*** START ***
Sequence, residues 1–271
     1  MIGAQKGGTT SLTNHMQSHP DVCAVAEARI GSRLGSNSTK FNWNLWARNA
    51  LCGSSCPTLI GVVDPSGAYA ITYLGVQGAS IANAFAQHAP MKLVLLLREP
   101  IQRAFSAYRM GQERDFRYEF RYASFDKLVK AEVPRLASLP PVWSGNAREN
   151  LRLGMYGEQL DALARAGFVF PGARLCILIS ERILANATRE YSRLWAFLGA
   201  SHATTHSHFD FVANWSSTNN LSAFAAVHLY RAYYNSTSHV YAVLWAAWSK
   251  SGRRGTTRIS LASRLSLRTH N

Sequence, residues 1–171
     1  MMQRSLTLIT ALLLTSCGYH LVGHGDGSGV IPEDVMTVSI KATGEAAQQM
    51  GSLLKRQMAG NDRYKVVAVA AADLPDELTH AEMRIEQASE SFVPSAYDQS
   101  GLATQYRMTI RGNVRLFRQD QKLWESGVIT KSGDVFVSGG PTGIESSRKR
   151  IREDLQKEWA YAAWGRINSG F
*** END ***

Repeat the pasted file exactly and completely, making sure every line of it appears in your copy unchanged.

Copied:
Sequence, residues 1–271
     1  MIGAQKGGTT SLTNHMQSHP DVCAVAEARI GSRLGSNSTK FNWNLWARNA
    51  LCGSSCPTLI GVVDPSGAYA ITYLGVQGAS IANAFAQHAP MKLVLLLREP
   101  IQRAFSAYRM GQERDFRYEF RYASFDKLVK AEVPRLASLP PVWSGNAREN
   151  LRLGMYGEQL DALARAGFVF PGARLCILIS ERILANATRE YSRLWAFLGA
   201  SHATTHSHFD FVANWSSTNN LSAFAAVHLY RAYYNSTSHV YAVLWAAWSK
   251  SGRRGTTRIS LASRLSLRTH N

Sequence, residues 1–171
     1  MMQRSLTLIT ALLLTSCGYH LVGHGDGSGV IPEDVMTVSI KATGEAAQQM
    51  GSLLKRQMAG NDRYKVVAVA AADLPDELTH AEMRIEQASE SFVPSAYDQS
   101  GLATQYRMTI RGNVRLFRQD QKLWESGVIT KSGDVFVSGG PTGIESSRKR
   151  IREDLQKEWA YAAWGRINSG F